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Cappadocian Geology

Geology of the İdiş Dağı - Avanos

The basement rocks of the study area constitute Mesozoic aged Asigedigi Metamorphics, that represent the uppermost unit of the Central Anatolian Metamorphics and consist of platform type meta-carbonates. İdiş Dağı Syenitoid, composed of quartz syenite, alkali feldspar quartz syenite and quartz monzonite intruded the Asigedigi Metamorphics, and generated contact metamorphic zones. Karahıdır Volcanics are found as dykes cutting the İdiş Dağı Syenitoids and as blocks in the Göynük Volcaniclastic Olistostrome. Göynük Volcaniclastic Olistostrome unconformably covers the basement rocks. It is formed within a fault-controlled extensional basin in Uppermost Cretaceous-Lower Paleocene period, and includes the olistoliths of the Karahıdır Volcanics and İdiş Dağı Syenitoids. The late Lower Paleocene-Upper Paleocene Yeşilöz Formation consists of the Saytepe Conglomerate Member and the Asaftepe Member and represents the terrestrial and lacustrine depositional environment. Middle Eocene Mucur Formation characterising shallow marine (reefal) deposition transgressively overlies the basement rocks. It is suggested that in the Early Miocene, a compressional system effected the İdiş Dağı Area, and the basement rocks were thrusted over the Tertiary cover units. The neotectonic period started in Late Miocene in the study area. In this period a new tensional system became effective, Ürgüp and Asarcık Formations are deposited within the basins which are controlled by the Central Kızılırmak Fault Zone. The Quaternary aged travertine occurrences and talus deposits are also related to this fault zone. The Karataş Volcanics and Kızılırmak River terraces of Quaternary of age are mainly controlled by the Central Kızılırmak Fault Zone.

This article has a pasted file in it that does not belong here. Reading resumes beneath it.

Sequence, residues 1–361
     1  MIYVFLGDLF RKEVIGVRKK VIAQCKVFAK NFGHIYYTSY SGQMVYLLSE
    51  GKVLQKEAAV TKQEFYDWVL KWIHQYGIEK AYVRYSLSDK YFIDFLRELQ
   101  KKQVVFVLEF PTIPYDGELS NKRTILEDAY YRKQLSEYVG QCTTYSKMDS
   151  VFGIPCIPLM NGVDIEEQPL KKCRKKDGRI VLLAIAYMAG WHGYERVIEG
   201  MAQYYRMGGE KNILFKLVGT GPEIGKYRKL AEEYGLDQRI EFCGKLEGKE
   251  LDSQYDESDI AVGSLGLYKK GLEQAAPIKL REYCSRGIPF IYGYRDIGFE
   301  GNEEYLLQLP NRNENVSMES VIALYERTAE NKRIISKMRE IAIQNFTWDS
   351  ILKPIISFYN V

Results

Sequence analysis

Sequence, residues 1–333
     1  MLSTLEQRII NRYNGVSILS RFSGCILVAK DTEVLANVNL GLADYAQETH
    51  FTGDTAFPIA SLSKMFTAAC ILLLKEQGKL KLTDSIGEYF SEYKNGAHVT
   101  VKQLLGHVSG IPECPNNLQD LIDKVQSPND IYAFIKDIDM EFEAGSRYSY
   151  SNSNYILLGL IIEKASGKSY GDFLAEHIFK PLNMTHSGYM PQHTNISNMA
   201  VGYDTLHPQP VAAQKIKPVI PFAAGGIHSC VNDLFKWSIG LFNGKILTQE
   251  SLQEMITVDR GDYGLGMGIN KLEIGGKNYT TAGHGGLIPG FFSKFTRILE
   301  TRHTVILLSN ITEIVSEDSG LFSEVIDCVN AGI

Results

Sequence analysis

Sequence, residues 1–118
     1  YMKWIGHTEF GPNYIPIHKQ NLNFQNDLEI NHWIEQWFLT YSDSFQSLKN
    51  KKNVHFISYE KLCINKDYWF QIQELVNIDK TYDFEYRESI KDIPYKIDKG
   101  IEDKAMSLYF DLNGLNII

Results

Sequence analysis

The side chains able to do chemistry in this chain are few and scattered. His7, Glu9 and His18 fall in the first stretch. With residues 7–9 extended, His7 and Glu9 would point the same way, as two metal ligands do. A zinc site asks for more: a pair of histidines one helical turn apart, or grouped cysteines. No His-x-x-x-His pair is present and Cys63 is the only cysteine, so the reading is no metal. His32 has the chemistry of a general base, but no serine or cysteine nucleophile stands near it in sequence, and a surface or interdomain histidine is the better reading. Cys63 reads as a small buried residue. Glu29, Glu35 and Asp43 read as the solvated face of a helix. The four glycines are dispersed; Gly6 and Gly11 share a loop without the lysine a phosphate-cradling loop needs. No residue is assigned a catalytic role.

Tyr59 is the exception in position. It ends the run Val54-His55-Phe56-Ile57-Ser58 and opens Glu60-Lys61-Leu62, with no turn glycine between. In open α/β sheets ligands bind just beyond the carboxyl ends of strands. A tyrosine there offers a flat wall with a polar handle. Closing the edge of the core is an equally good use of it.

Bulletin of the Mineral Research and Exploration Institute of Turkey. 119; Pages 41-58. 1997
Maden Tetkik ye Arama Enstitüsü. Ankara, Turkey. 1997
Köksal, Serhat; Göncüoğlu, M. Cemal
Reference Source:
GeoRef, Copyright 1998, American Geological Institute
Engineering geological properties and durability assessment of the Cappadocian tuff

Some of the unique landforms, the so-called fairy chimneys, which were formed within the Cappadocian tuff of central Turkey, were used as dwellings in the past and contain culturally valuable wall paintings. However, these structures are undergoing chemical and physical deterioration due to atmospheric effects. For conservation studies, an understanding of the engineering geological properties of the tuff is essential. The Cappadocian tuff is almost fresh, with local discoloration, is moderately weak to very weak, and has low unit weight, very high porosity, and high deformability. Discontinuity surveys revealed two dominant joint sets, which not only controlled the formation but also control the structural stability of the fairy chimneys. Various methods used for the durability assessment of the Cappadocian tuff indicate poor to very poor durability. Due consideration must be given to reduction due to moisture, poor to very poor durability, and the adverse effects of joints on the structural stability of the fairy chimneys.

Engineering Geology. 47; 1-2, Pages 175-187. 1997
Elsevier. Amsterdam, Netherlands. 1997
Topal, T; Doyuran, V.
Reference Source:
GeoRef, Copyright 1998, American Geological Institute.
Reference includes data from CAPCAS, Elsevier Scientific Publishers, Amsterdam, Netherlands
Neogene ignimbrites of the Nevşehir plateau (central Turkey);
stratigraphy, distribution and source constraints